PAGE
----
Preschool children are some of my most favorite people. They are explorers. They are thinkers. They are creators. They are feelers. BIG FEELERS. Little kids with BIG feelings.
It can be hard to be a preschooler. Think about the big brother who can do all the “big kid” things and little sister can’t tie a shoe, or ride a “big kid” bike yet, or go on the big yellow bus but no, not you. You can’t. Not yet. Think about how that feels when you can’t quite understand why all these things are this way. And you just cannot seek answers that make any sense.
Because you’re four, going on five, and it just is. Not yet in Kindergarten. Not yet a “big kid.” So it’s not good enough. Not for THIS four year old who has big ideas, big wishes and real feelings… but who can’t just quite figure out how to tell you in a way you can possibly understand.
Because, they just FEEL. And the strong negative feelings don’t feel good. But I gotta get it out and I gotta show someone by getting angry, whiny or throwing myself on the ground. By screaming, by grabbing to show you I’m upset so I can get you to look at me. To understand. To see ME.
I remember those days and I remember thinking as a parent, I can do this. I know what the parenting books say. But in the heat of the moment when it is the nth meltdown for no good reason that I can possibly understand, I have to pause and think. Now what?
That’s when I remember I have a pad of paper within arm’s reach…and a pen. And my four year old is an artist and she loves these materials when she is calm. Perhaps there is another way to help her tell me what she needs or wants so I can understand. That’s what I am supposed to do as a parent…to try to support her during those times she feels upset or angry or frustrated or tired or hangry or …
I gave her the paper. I gave her the pen. In a loud voice to match her grunts and cries I said, “You’re upset! I don’t know why! Show me! What does it feel like?”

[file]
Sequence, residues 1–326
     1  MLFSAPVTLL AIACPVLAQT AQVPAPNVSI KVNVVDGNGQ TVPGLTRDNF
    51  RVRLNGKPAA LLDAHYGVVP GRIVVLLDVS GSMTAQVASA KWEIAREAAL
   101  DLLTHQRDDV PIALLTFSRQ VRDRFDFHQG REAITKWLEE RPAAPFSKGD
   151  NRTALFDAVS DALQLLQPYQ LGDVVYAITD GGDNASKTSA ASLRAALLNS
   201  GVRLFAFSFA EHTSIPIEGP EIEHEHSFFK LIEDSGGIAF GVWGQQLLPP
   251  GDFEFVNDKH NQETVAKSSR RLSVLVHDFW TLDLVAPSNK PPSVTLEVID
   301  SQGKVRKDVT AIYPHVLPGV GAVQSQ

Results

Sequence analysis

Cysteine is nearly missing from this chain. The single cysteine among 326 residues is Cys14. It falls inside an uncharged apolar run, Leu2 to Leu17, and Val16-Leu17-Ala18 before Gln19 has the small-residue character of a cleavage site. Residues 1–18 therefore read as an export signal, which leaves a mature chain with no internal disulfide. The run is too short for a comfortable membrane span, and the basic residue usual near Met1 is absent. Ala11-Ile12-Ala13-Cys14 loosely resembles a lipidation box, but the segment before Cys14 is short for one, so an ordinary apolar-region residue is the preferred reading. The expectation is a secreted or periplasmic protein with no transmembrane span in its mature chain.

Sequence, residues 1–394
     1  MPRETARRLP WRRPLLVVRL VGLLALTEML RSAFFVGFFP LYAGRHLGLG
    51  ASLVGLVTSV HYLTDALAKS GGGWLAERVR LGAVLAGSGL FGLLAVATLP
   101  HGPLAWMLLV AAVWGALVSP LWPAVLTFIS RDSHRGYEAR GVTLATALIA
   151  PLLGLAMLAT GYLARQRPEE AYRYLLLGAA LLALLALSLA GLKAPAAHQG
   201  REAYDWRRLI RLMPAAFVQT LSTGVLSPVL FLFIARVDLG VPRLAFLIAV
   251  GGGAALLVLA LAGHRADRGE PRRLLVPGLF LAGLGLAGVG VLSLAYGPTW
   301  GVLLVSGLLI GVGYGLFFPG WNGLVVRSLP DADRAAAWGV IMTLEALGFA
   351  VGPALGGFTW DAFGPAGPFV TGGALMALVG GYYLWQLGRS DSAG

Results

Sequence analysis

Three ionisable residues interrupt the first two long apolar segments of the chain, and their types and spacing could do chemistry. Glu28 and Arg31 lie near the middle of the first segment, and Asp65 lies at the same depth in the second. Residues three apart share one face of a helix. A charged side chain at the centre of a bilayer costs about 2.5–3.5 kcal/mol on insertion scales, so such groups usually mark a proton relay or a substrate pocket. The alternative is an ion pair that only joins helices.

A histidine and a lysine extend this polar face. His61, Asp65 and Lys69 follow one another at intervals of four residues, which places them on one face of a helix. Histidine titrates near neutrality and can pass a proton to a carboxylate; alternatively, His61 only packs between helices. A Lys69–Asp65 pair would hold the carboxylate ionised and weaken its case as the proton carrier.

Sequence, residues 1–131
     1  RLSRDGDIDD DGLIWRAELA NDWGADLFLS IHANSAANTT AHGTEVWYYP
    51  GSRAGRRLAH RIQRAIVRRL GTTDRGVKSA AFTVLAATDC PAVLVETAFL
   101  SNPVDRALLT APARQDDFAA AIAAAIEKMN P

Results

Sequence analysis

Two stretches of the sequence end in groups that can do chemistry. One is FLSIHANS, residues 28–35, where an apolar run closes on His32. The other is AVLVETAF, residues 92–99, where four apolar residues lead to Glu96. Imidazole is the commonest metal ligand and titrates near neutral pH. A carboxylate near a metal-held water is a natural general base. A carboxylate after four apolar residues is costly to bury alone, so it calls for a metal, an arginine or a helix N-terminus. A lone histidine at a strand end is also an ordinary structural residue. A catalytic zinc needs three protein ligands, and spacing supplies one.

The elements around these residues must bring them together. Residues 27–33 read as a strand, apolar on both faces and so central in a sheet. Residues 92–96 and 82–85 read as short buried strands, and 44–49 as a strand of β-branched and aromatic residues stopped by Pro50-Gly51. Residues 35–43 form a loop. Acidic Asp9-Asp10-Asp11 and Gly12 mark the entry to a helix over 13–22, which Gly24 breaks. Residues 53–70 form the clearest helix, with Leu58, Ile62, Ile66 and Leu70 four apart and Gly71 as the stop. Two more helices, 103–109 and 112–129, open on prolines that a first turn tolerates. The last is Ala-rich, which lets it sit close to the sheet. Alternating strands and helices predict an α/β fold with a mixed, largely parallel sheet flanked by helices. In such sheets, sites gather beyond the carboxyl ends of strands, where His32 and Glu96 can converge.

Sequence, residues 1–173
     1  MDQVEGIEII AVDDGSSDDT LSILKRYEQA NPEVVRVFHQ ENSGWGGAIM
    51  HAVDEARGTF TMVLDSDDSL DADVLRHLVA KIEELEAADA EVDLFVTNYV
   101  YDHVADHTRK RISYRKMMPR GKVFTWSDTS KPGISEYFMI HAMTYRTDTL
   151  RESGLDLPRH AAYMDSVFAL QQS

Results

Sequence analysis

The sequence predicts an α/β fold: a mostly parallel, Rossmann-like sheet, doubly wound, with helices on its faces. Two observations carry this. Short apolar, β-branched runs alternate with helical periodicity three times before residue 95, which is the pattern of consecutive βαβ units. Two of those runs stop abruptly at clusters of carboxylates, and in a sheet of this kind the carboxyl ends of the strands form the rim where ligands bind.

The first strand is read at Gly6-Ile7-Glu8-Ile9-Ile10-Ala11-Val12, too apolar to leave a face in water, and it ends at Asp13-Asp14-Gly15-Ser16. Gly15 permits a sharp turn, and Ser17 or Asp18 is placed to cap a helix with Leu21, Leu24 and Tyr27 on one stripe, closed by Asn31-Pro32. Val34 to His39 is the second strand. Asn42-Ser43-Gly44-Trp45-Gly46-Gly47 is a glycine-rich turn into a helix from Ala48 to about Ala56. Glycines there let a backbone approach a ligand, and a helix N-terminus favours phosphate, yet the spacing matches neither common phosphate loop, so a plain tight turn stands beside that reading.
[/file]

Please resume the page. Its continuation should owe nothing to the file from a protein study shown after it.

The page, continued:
There was a pause. And then she grabbed the pen and paper and then with fervor she angrily scribbled the first drawing, all the while continuing to grunt, cry, and make noises.
“Good! There are lots of swirls! You are angry!”
She tore the page and threw it down and then put pen to paper again.
“Yes! I see it. You are still so angry!”
The hand kept scribbling-fast and furious.
Another torn paper to clear the canvas.
“Yes…yes, I see. You’re scribbling circles.”
Somewhat slower circles. She doesn’t meet my eyes just yet…her pen keeps going.
Another paper on the floor.
Then I see a form emerging. A stick figure. With hair. Then she writes three letters. She still is making some grunts but not loudly and somewhat like she remembers she must make some noise as she concentrates on her drawing.
Paper on the floor.
“Ok, you’re mad. I see that.” My voice going down a notch to match her noises.
She doesn’t look at me but now purses her lips together and keeps drawing. This time more forms. Looks like two people together off to one side. Another solo stick figure on the other side. Details are drawn.
I stay close. I say still more quietly. “Sad. You’re sad? I see.” I pause. I take a stab. “That’s mommy and brother over there. But you’re there by yourself.”
The pen stops. She looks up. All is quiet.
Our eyes meet.
Jealousy. That was what it was about…when I first got home, big brother rushed over and beat her to my lap to snuggle. He was bigger. He was faster. He could climb up quicker. Ok.
She turned away, tore the paper and started anew.
I waited. Quiet. Watching her as she put the finishing touches on her masterpiece.
Two people, with long hair. Standing closer. And a heart. And the words, Love. HAPPY. Love.
Yes, amazing what happens when you can figure out what she was trying to say. So instead she reverted to using her screams and crying and “fits” of rage. Because that’s worked in the past to get my attention fast. But it didn’t let me know really what the problem was. What she was trying to say.
So that day was a big day for us. Because I had to think fast so we could figure out a better way to help each other speak the same language in the moment.
And it worked. Whew. I had come out the other side–intact. She too. Now smiling. Now wanting her time to snuggle in my lap.
I still carry paper and writing tools around because while it is good for quick to-do lists, grocery lists and miscellaneous reminders…it can also be a lifesaver when you have a preschooler who just needs to get those big feelings out.